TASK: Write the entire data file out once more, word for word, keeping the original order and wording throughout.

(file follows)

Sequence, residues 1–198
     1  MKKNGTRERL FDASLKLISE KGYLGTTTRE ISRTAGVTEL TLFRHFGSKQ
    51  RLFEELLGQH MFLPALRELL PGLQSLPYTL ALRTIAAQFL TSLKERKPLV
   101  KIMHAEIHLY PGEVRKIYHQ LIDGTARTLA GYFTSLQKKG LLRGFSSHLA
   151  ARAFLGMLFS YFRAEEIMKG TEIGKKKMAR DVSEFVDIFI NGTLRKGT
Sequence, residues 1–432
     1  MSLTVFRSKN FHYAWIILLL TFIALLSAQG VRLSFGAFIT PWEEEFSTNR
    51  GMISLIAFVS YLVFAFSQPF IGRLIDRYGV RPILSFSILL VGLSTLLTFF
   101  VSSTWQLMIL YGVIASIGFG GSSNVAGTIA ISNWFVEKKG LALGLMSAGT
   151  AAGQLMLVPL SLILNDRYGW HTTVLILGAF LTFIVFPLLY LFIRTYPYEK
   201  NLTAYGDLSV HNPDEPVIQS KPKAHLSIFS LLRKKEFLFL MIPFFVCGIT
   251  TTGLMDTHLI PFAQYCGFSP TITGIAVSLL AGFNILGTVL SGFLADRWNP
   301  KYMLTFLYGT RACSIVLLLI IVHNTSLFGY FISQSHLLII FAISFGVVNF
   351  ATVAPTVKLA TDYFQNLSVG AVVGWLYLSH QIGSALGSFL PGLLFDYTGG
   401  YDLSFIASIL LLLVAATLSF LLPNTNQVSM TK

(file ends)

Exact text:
Sequence, residues 1–198
     1  MKKNGTRERL FDASLKLISE KGYLGTTTRE ISRTAGVTEL TLFRHFGSKQ
    51  RLFEELLGQH MFLPALRELL PGLQSLPYTL ALRTIAAQFL TSLKERKPLV
   101  KIMHAEIHLY PGEVRKIYHQ LIDGTARTLA GYFTSLQKKG LLRGFSSHLA
   151  ARAFLGMLFS YFRAEEIMKG TEIGKKKMAR DVSEFVDIFI NGTLRKGT
Sequence, residues 1–432
     1  MSLTVFRSKN FHYAWIILLL TFIALLSAQG VRLSFGAFIT PWEEEFSTNR
    51  GMISLIAFVS YLVFAFSQPF IGRLIDRYGV RPILSFSILL VGLSTLLTFF
   101  VSSTWQLMIL YGVIASIGFG GSSNVAGTIA ISNWFVEKKG LALGLMSAGT
   151  AAGQLMLVPL SLILNDRYGW HTTVLILGAF LTFIVFPLLY LFIRTYPYEK
   201  NLTAYGDLSV HNPDEPVIQS KPKAHLSIFS LLRKKEFLFL MIPFFVCGIT
   251  TTGLMDTHLI PFAQYCGFSP TITGIAVSLL AGFNILGTVL SGFLADRWNP
   301  KYMLTFLYGT RACSIVLLLI IVHNTSLFGY FISQSHLLII FAISFGVVNF
   351  ATVAPTVKLA TDYFQNLSVG AVVGWLYLSH QIGSALGSFL PGLLFDYTGG
   401  YDLSFIASIL LLLVAATLSF LLPNTNQVSM TK